25 years later, UF biotech center still producing genomic breakthroughs
Published: Wednesday, November 14, 2012 at 9:07 p.m.
Last Modified: Wednesday, November 14, 2012 at 9:07 p.m.
Citrus expert Fred Gmitter said that 25 years ago, "building" new and better oranges was inconceivable. But with the boon of genome sequencing, scientists are developing a blueprint that will allow them to recreate the sweet orange for which Florida is so well-known.
Twenty-five years ago also marked the birth of the University of Florida's Interdisciplinary Center for Biotechnology Research, and Gmitter, a professor at UF's Citrus Research and Education Center, spoke at the 25th anniversary event on Wednesday.
"Genomics is to the future of science what broadband is to communications and highways are to transportation," Gmitter said.
Robert Ferl, ICBR director and a UF professor in the department of horticultural sciences, added, "The technology has developed so dramatically. Our job is to bring the technology to campus and make it available to researchers."
"We underpin a lot of the biomedical research on campus," Ferl continued, adding that the center has supported research related to the Human Genome Project. Dr. Barry Byrne, a pediatrician and the director of the Powell Gene Therapy Center, has used the center to support research and diagnostics related to rare diseases like Pompe Disease, a fatal muscular disease afflicting infants and children.
Gmitter talked about his work on developing oranges that are resistant to the Huanglongbing disease (HLB), which has wiped out between 60 and 100 percent of Florida's citrus crop. In the past five years, Florida's citrus crop has gone from covering over 620,000 acres to about 500,000, in part because of HLB, Gmitter said. Urbanization has also contributed to the decline.
The state still produces 75 percent of the citrus crops in the U.S. Gmitter is also working on making a seedless grapefruit that is also free of what's known as the grapefruit juice effect, which can slow down the body's ability to metabolize certain drugs.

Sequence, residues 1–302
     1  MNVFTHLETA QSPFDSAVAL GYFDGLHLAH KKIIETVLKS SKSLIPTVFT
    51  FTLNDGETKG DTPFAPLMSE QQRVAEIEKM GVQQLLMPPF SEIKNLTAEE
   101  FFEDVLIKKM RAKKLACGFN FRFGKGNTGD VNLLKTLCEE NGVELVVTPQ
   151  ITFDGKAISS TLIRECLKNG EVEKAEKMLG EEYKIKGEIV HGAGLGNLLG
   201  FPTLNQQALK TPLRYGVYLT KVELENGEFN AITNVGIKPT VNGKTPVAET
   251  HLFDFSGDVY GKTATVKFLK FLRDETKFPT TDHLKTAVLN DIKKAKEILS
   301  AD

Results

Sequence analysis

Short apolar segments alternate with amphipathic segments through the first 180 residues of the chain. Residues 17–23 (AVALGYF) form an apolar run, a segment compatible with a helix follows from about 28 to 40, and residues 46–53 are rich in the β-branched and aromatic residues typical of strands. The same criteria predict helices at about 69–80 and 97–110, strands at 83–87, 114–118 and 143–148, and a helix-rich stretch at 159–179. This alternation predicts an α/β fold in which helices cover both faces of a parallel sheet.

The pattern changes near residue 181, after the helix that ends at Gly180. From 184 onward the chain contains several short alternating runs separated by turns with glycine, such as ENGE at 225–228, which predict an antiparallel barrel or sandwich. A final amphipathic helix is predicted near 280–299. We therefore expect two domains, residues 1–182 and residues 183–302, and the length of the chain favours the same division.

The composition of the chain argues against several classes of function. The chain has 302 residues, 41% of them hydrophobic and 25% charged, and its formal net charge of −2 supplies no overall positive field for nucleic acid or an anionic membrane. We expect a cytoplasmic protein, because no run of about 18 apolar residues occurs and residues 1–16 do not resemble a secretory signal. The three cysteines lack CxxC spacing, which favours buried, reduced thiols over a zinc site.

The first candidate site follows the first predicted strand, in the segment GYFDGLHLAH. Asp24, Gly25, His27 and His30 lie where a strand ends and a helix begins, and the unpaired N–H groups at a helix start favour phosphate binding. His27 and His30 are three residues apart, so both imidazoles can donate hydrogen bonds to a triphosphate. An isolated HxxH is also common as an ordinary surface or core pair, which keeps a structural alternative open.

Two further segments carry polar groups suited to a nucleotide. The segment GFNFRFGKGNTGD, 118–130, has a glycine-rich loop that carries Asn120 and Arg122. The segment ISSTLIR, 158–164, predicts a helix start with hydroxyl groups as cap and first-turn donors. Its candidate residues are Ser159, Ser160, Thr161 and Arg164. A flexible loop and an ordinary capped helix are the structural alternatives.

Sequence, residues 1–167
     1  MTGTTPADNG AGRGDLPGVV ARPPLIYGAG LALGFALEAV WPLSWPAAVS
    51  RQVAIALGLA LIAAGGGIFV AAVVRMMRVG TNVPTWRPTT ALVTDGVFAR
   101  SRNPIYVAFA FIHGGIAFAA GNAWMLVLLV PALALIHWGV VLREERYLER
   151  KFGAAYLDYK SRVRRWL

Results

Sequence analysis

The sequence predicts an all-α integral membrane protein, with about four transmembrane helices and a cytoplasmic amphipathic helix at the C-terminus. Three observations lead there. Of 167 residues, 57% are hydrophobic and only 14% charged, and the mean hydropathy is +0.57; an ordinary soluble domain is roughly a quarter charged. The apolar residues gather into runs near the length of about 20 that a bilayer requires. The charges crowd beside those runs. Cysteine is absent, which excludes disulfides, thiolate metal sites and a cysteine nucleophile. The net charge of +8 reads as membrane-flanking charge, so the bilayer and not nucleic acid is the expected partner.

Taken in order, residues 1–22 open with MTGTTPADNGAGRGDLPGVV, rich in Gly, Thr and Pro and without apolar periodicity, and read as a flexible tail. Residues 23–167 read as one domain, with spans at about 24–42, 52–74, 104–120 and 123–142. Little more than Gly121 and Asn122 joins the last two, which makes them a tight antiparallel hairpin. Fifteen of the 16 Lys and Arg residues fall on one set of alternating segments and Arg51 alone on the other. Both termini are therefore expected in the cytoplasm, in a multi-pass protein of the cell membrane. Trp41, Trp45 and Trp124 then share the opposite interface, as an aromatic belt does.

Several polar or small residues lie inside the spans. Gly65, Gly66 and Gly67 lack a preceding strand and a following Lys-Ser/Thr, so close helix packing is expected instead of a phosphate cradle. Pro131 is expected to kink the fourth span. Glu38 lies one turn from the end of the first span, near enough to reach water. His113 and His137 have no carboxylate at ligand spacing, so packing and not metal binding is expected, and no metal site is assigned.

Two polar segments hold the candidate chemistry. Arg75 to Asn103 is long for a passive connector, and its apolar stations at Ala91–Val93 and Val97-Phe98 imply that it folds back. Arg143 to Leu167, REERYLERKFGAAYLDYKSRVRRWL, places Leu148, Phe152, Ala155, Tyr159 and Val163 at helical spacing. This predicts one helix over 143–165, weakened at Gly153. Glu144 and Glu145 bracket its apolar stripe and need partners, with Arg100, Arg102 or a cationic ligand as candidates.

Some UF researchers have used ICBR's DNA sequencing technology to look at the evolution of flowers. Doug Soltis, a professor in the biology department who also works at the Florida Museum of Natural History, spoke about studying the tragopogon, a member of the sunflower family, for clues about genomic doubling, which is believed to have contributed to the diversity and success of many species, including humans.
Soltis called the tragopogon, which grows abundantly in the western part of the U.S., "a North American success story."
"After 40 generations, the same genes were lost or retained. This is important for evolution because it tells us some things may be hard-wired," said Soltis.
Soltis is also working on the "tree of life" project that aims to help identify species and plot them on a single tree representing all the earth's species. "We've named about 1.9 million
species, and there are about 10 times more than that on earth," said Soltis. "The goal is to follow Darwin's tree of life. With DNA data, we know much, much more than we knew in the 200 years prior (to having it). So we want to study how all the organisms are related. That's building the tree of life."
Contact Kristine Crane at 338-3119 or firstname.lastname@example.org.
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